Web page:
Zhang, Daniel, Mishra, Saurabh, Brynjolfsson, Erik, Etchemendy, John, Ganguli, Deep, Grosz, Barbara, Lyons, Terah, Manyika, James, Niebles, Juan Carlos, Sellitto, Michael, Shoham, Yoav, Clark, Jack, Perrault, Raymond
Welcome to the fourth edition of the AI Index Report. This year we significantly expanded the amount of data available in the report, worked with a broader set of external organizations to calibrate our data, and deepened our connections with the Stanford Institute for Human-Centered Artificial Intelligence (HAI). The AI Index Report tracks, collates, distills, and visualizes data related to artificial intelligence. Its mission is to provide unbiased, rigorously vetted, and globally sourced data for policymakers, researchers, executives, journalists, and the general public to develop intuitions about the complex field of AI. The report aims to be the most credible and authoritative source for data and insights about AI in the world.
With the development of computer-aided diagnosis (CAD) and image scanning technology, Whole-slide Image (WSI) scanners are widely used in the field of pathological diagnosis. Therefore, WSI analysis has become the key to modern digital pathology. Since 2004, WSI has been used more and more in CAD. Since machine vision methods are usually based on semi-automatic or fully automatic computers, they are highly efficient and labor-saving. The combination of WSI and CAD technologies for segmentation, classification, and detection helps histopathologists obtain more stable and quantitative analysis results, save labor costs and improve diagnosis objectivity. This paper reviews the methods of WSI analysis based on machine learning. Firstly, the development status of WSI and CAD methods are introduced. Secondly, we discuss publicly available WSI datasets and evaluation metrics for segmentation, classification, and detection tasks. Then, the latest development of machine learning in WSI segmentation, classification, and detection are reviewed continuously. Finally, the existing methods are studied, the applicabilities of the analysis methods are analyzed, and the application prospects of the analysis methods in this field are forecasted.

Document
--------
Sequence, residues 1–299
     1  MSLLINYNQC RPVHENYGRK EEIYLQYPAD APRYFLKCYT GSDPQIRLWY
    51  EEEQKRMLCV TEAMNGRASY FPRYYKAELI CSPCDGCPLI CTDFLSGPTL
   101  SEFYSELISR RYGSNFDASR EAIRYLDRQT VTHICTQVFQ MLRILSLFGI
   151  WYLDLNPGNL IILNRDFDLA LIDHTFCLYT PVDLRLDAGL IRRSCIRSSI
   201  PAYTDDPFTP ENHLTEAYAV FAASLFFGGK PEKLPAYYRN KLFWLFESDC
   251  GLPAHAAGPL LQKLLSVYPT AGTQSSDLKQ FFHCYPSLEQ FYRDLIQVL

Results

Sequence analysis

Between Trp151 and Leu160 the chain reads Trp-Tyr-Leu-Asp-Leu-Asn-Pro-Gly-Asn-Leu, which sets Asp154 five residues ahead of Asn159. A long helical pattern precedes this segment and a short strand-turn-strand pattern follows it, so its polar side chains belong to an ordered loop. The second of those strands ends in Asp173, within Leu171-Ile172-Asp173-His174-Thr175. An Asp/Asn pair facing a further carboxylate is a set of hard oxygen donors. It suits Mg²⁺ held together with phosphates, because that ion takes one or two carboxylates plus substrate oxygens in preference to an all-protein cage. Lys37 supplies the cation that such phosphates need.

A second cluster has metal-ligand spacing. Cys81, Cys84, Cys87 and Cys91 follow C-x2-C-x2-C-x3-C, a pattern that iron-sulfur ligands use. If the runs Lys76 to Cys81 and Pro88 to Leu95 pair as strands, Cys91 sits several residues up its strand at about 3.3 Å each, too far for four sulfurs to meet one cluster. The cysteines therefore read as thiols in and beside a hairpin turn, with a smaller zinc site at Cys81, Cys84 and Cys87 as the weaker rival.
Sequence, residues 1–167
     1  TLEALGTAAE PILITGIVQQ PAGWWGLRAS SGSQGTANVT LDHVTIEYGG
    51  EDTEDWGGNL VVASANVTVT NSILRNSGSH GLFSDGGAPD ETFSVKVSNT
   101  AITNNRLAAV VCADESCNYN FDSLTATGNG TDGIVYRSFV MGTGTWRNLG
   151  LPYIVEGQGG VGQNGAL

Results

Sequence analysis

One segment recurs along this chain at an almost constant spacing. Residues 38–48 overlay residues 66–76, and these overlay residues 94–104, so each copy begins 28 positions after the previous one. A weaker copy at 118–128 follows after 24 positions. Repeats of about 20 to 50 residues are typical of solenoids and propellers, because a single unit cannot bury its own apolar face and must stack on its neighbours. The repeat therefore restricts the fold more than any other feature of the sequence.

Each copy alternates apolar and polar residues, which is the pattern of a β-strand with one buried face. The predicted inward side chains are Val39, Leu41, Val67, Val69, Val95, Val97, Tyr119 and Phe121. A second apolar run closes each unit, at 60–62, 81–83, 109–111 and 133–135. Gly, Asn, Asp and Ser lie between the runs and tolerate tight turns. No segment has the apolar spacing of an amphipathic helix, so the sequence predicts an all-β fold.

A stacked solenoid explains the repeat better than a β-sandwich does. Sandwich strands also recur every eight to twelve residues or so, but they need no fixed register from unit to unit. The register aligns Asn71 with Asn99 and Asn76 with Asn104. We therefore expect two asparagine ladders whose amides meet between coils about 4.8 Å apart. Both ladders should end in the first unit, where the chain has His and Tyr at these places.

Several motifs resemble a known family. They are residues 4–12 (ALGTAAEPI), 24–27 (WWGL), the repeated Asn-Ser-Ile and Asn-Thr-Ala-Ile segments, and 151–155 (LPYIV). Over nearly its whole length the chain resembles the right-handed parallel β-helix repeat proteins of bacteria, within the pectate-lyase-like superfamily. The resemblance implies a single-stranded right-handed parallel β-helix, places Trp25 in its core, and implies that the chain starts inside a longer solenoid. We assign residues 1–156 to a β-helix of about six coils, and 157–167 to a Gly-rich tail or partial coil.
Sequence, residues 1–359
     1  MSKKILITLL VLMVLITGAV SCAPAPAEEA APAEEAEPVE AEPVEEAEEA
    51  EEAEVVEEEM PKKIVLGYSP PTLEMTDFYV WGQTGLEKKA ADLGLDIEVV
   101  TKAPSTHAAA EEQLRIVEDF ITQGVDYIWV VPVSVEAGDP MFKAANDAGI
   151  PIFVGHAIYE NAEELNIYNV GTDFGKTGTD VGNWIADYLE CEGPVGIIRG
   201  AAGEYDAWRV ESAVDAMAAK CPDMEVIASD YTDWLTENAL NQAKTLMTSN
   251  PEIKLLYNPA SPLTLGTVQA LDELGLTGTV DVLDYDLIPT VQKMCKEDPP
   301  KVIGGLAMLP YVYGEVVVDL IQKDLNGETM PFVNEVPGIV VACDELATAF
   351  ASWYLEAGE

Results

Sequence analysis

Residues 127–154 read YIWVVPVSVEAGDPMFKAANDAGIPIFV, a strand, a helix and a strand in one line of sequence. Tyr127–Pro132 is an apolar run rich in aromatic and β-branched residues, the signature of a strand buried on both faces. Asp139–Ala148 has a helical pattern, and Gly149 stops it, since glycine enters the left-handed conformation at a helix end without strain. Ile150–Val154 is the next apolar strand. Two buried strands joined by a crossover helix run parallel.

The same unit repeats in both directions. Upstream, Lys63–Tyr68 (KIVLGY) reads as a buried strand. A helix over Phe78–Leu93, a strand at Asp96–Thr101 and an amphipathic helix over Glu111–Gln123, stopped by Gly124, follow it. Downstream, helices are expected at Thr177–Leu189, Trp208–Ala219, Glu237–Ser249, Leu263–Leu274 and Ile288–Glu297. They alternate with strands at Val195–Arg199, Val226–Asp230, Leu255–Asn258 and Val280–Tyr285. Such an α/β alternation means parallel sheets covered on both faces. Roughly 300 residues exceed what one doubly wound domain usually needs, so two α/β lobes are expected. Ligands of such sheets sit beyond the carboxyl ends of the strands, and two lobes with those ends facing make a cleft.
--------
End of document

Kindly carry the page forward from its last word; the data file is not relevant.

Friedrich, Sarah, Antes, Gerd, Behr, Sigrid, Binder, Harald, Brannath, Werner, Dumpert, Florian, Ickstadt, Katja, Kestler, Hans, Lederer, Johannes, Leitgöb, Heinz, Pauly, Markus, Steland, Ansgar, Wilhelm, Adalbert, Friede, Tim
The research on and application of artificial intelligence (AI) has triggered a comprehensive scientific, economic, social and political discussion. Here we argue that statistics, as an interdisciplinary scientific field, plays a substantial role both for the theoretical and practical understanding of AI and for its future development. Statistics might even be considered a core element of AI. With its specialist knowledge of data evaluation, starting with the precise formulation of the research question and passing through a study design stage on to analysis and interpretation of the results, statistics is a natural partner for other disciplines in teaching, research and practice. This paper aims at contributing to the current discussion by highlighting the relevance of statistical methodology in the context of AI development. In particular, we discuss contributions of statistics to the field of artificial intelligence concerning methodological development, planning and design of studies, assessment of data quality and data collection, differentiation of causality and associations and assessment of uncertainty in results. Moreover, the paper also deals with the equally necessary and meaningful extension of curricula in schools and universities.